A Blue Streak

Write. Write like a skateboarder, turning tight lines in the near dark. Write like sediment. Settle words down to lake bottom and leave your record. Forgive your own sloth. Write. Write like a bee swipes pollen, thinking it’s just there for food. The miracle of life unfolds because of you. Write like tree rings. Write…

Vesper Walk

There’s just enough snow on the ground for it to tip over the brim of my hiking boots. As we walk single-file through the clumps of fir and pine, the swish-squeak of polyestered thighs masquerades as birdsong, much to the frustration of my companions. Every so often our leader stops. His ears, red in the…

Anatomy of a Fall

0° I park the car and trade my shoes for roller skates. It’s the after-work hour and the gym rats are streaming toward the building. I go the other direction, find the sidewalk leading down into a mobile home park. As my speed increases exponentially, my body defaults to ski mode: toes turning toward each…

Don’t Touch

Ears back means, I don’t like you. I’ve learned this because Penny is a magnet. Even while sleeping in his preferred position on the sidewalk — something I call “dead-dogging-it”: lying on his side, four legs stuck out, head resting on one incredibly soft ear — he’s irresistible. Serious businessmen pass and can’t hold back…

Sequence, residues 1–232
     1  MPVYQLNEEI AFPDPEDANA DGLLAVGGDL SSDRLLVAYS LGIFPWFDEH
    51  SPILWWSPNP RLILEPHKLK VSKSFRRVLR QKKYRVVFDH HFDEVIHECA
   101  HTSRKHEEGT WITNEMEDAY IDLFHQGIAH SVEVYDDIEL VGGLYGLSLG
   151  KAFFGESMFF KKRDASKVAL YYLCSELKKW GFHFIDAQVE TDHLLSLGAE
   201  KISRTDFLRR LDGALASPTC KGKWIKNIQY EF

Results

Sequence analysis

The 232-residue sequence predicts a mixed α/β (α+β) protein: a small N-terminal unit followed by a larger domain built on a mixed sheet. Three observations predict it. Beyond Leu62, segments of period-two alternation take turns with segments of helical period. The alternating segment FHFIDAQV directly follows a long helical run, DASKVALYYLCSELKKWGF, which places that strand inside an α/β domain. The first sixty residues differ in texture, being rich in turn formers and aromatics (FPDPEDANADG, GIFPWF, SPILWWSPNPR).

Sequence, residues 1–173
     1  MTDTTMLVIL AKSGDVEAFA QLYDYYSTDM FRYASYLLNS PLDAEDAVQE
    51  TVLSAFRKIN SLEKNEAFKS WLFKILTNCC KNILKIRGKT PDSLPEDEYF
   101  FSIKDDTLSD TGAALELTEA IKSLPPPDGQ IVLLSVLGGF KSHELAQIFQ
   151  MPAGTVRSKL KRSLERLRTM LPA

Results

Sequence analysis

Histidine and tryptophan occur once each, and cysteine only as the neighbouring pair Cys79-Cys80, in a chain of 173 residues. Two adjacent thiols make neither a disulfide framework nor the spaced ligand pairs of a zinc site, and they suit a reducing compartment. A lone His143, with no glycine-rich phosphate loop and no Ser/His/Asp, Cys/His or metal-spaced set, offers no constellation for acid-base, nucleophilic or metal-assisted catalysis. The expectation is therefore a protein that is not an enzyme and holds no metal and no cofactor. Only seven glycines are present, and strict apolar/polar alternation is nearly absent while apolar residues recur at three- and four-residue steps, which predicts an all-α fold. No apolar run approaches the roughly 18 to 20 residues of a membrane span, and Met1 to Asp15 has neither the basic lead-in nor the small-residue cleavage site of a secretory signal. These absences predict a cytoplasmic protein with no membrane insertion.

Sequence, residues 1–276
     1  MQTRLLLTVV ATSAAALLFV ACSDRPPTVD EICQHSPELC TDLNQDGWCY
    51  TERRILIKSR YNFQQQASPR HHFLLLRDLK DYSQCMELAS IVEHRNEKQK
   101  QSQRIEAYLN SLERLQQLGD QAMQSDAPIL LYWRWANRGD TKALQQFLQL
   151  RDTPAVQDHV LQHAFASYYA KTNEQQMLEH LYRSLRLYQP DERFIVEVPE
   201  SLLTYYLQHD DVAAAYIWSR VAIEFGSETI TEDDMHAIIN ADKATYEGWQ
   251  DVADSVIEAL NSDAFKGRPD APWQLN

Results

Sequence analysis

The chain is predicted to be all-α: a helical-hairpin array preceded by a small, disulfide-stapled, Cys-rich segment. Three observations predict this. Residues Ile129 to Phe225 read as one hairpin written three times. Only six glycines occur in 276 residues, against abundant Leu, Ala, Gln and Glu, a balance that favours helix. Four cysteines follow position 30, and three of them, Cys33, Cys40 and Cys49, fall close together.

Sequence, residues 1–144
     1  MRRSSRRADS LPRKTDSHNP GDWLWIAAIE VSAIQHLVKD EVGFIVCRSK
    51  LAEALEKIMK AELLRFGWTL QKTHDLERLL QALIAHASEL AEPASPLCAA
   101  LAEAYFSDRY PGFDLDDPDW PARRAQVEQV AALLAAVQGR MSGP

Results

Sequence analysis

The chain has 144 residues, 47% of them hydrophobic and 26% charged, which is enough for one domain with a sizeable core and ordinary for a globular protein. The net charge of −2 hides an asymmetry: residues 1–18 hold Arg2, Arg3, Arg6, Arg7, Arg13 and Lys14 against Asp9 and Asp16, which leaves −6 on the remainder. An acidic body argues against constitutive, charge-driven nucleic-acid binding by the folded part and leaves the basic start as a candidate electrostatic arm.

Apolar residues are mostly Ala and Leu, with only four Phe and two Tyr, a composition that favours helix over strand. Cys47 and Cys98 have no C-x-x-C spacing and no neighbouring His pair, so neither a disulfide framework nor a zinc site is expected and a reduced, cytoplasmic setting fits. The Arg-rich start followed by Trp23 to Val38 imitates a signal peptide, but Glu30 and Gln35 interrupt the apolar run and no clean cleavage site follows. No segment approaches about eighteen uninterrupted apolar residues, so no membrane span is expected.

Elk River, Oregon © Tuula Rebhahn

River Time

The film was gorgeous but Tim’s short presentation afterward was electrifying, careening through fifty years of conservation history as his beautiful photographs flashed across the projector screen. As I watched, I couldn’t help but wonder where river awareness has been my entire life.

In Praise of the Unmanicured Lawn

There’s a fat bumblebee swerving between the buttercups in the shaggy patch of grass below my porch. She delicately mounts a yellow petal and investigates its inner regions, then sails to the next, a shaggy head of white clover. I know I should mow the lawn. The dandelions are reaching their long necks up to…